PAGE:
I Quit Smoking And Replaced Cigarettes With Sandwiches

I Quit Smoking And Replaced Cigarettes With Sandwiches

BROOKLYN ― I am walking down the street to Defonte’s. I need a sandwich.

This is a pilgrimage of sorts. It’s the longest but most rewarding walk I’ll take this week, a week in which I have a different classic sandwich every day. Today is Saturday ― Defonte’s Day ― so I’m willing to put in the extra work.

You see, Defonte’s offers the finest Italian hero in the five boroughs of New York, full-stop. If anyone tells you it’s Alidoro, or some other hip-ass spot in SoHo, they’ve never left Manhattan and aren’t to be trusted. You have to schlep south to Red Hook for anything like the Nicky Special: ham, capicola, salami, provolone, fried eggplant, hot salad, mushrooms, lettuce, tomato, oil and vinegar, all on a mammoth of chewy, seeded, beautiful gluten.

And schlep I did, trudging through Cobble Hill, over the foot bridge on the BQE and into Red Hook’s quiet, industrial embrace. And by this time, I am fucking jonesing for a sando ― I haven’t eaten all day, I am irritable, none of my friends had the guts to make this trip with me, why am I even working on a weekend, what is the meaning of life, I should have just eaten a ham egg n’ cheese and gone back to bed.

Oh yeah, I also quit smoking after 12 years. On any normal walk, I’d be having a few cigarettes, one or two of the 20 I’d smoke each day. Smoking is a five-minute process that takes my mind off my own thoughts, and not smoking is a 1,435-minute process that consumes just about every moment that I’m not puffing away. I smoke a cig, I feel relaxed and sated, and I immediately begin plotting my course toward the next fix.

But it’s been three weeks since I had a hit of my sweet, sweet nicotine, and I’ve decided to replace that rush of endorphins with sandwiches.

I Quit Smoking And Replaced Cigarettes With Sandwiches

I’m having a different classic sandwich every day this week, for journalism. Woke up PSYCHED because today is LOX day. LOOK AT IT.

Quitting is an ongoing battle with your brain, which enjoys Things That Are Good and acts like a large baby when said Things are in sight but out of reach. My chosen route to a smoke-free lifestyle ― which doesn’t allow for any nicotine, patches and Juuls be damned ― stacks the odds heavily in the Big Baby’s favor. So I’ve decided to feed that baby as many delicious sandwiches as possible, flooding my pleasure receptors while I suffer through withdrawal. And since smoking dulls your senses of taste and smell, I figure I can win this fight by assaulting my newly formed taste buds with buttery fats, chewy glutens, salt and acid.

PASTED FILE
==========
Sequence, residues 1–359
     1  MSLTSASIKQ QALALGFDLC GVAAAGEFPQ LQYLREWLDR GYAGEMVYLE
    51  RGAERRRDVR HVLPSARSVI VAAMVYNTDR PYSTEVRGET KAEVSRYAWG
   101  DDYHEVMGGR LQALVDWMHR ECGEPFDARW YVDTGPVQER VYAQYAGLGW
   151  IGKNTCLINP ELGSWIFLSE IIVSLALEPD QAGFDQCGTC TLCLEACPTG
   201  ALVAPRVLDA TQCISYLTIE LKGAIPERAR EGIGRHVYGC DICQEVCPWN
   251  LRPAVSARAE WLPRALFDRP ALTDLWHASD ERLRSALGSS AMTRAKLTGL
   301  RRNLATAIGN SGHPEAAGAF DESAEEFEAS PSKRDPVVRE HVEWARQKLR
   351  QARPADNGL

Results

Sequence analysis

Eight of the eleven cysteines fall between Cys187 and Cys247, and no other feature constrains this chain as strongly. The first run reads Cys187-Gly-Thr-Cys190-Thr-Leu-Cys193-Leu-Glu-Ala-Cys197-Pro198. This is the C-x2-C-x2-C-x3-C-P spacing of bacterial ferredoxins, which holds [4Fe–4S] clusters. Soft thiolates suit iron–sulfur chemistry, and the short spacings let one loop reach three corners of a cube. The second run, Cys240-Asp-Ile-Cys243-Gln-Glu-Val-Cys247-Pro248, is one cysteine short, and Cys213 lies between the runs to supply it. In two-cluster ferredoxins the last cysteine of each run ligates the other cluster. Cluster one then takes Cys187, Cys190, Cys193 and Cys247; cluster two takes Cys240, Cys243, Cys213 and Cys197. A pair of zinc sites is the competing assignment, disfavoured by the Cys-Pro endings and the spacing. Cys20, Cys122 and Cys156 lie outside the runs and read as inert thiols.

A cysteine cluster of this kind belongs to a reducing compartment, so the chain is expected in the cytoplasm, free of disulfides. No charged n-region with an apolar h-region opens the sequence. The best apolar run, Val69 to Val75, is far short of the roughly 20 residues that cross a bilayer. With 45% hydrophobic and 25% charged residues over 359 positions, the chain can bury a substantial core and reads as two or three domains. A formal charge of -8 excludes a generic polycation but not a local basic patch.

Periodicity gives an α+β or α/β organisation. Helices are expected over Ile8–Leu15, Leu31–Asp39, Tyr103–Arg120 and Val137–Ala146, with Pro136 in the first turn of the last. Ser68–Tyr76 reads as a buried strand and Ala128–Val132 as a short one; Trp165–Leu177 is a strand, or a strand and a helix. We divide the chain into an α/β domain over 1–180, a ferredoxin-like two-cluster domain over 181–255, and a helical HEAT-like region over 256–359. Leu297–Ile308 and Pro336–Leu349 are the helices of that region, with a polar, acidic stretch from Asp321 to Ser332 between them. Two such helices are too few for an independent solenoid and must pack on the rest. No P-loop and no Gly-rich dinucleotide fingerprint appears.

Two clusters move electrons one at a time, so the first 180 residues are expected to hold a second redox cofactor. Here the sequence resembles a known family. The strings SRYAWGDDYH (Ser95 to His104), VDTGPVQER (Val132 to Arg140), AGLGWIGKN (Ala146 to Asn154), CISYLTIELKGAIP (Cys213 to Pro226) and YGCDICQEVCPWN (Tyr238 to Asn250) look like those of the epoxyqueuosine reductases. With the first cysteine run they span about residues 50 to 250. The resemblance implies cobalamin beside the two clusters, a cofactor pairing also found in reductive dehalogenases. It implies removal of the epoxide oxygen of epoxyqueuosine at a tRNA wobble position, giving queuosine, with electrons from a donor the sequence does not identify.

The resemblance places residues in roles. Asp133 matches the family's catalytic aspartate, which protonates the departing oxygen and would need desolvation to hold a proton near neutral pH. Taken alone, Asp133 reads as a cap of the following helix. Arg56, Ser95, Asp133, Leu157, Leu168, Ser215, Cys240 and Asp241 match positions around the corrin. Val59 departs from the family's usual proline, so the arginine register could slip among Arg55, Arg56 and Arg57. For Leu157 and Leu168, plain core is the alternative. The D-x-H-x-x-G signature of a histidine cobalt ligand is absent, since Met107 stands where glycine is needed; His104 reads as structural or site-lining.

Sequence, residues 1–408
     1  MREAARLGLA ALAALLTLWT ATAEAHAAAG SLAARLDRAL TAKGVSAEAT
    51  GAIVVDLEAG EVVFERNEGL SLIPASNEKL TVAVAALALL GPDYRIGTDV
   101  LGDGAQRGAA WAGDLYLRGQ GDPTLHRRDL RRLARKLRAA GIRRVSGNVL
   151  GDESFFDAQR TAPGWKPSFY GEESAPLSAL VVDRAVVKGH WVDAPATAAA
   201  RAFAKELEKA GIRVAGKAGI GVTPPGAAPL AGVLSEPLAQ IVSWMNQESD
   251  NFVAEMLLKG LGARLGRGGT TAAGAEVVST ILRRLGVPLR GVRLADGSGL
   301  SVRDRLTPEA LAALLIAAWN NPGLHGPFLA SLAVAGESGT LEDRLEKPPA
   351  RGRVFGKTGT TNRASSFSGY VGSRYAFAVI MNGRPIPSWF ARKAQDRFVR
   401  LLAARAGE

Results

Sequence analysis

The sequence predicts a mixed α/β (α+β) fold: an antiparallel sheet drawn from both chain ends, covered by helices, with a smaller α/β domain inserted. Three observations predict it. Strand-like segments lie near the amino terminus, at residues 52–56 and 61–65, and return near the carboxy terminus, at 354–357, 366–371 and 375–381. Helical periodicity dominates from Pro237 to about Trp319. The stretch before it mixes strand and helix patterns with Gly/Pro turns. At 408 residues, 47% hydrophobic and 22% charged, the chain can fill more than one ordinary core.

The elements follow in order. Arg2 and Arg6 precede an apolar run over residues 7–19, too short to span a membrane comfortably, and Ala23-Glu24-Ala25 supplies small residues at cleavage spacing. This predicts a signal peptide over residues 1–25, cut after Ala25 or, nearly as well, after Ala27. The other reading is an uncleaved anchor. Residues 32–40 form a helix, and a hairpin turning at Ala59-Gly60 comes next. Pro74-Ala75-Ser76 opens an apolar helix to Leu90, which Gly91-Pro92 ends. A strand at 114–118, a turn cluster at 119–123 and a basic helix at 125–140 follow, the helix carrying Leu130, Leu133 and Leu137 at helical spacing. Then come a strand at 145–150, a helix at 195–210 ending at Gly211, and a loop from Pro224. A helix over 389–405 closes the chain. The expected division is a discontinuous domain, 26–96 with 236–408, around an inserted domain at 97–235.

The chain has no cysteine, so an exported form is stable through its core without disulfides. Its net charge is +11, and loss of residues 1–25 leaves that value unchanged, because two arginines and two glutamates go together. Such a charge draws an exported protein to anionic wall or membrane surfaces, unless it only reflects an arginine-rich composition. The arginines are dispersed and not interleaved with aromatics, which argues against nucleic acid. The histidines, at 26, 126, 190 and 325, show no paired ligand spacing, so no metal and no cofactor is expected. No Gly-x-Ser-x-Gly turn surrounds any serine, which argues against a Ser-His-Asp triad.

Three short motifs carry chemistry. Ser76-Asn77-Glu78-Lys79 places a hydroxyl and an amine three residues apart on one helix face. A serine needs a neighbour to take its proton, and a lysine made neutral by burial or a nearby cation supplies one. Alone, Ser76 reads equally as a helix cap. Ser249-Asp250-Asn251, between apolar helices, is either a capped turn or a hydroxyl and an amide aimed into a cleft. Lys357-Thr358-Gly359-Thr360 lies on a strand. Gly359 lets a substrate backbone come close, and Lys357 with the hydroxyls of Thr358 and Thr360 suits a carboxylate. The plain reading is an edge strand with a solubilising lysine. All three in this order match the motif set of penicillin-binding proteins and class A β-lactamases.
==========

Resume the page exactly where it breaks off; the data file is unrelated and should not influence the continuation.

It’s probably not the best route to quitting, and I’m leaning on a very strong prescription drug that helps with cravings, but hey, give me a break. I just quit smoking, you jerk.

MONDAY: Just a Plain Ol’ Turkey Sandwich, OK?

I could regale you with a self-serving monologue about how the turkey sandwich is the true classic, and that a weeklong journalistic undertaking such as this calls for an apéritif on Day One so that my readers ― and my stomach ― get a gamut of flavor profiles and a Tour de Hoagy of New York City. But you know what? I was busy on Monday, and there was a free turkey sandwich from Chipolo at the office.

It was fine. Smoked turkey and smoked mozzarella were made for one another, and Chipolo’s hot spread is a nice touch. Purists would tell you that their take on Sfilatino sourdough isn’t nearly crusty enough on the outside, and they’d be correct.

I didn’t have bad cravings today, so it’s good that I saved the best sandwiches for the rest of the week, because...


This was the day that the dark cloud of addiction descended over my desk here at HuffPost. I had this hanging feeling like there was something missing, but because of the god-awful quit-smoking drug that I’m on, my brain couldn’t identify exactly what would fill that hole. Suddenly the Big Baby was extremely upset, and didn’t know why.

I was cranky. I was introverted. I did not pace the office harassing my colleagues, which is out of character for me. I wondered why I chose to work in journalism, why I chose to live in New York, why I was vertical as opposed to horizontal. On any normal day, I don’t suffer from depression, and for that I consider myself lucky. But Tuesday was not a normal day.

Worse, HuffPost’s senior food editor forced me to try this abomination:

That’s a mayo and peanut butter sandwich. Apparently it’s a thing in the South, and you can read more about it here. I don’t recommend it, mainly because it’s a sandwich of mayo and peanut butter. It didn’t help brighten my day.

But eventually, there was a break in the clouds. After I sulked to myself for half a shift (hey, I did work too, if my editor is reading this) I got to researching some natural remedies for the Tuesday Trembles. I Googled, “cure for journalist having a sad,” and lo, the internet gave me a sign.

It was a chicken parm sandwich.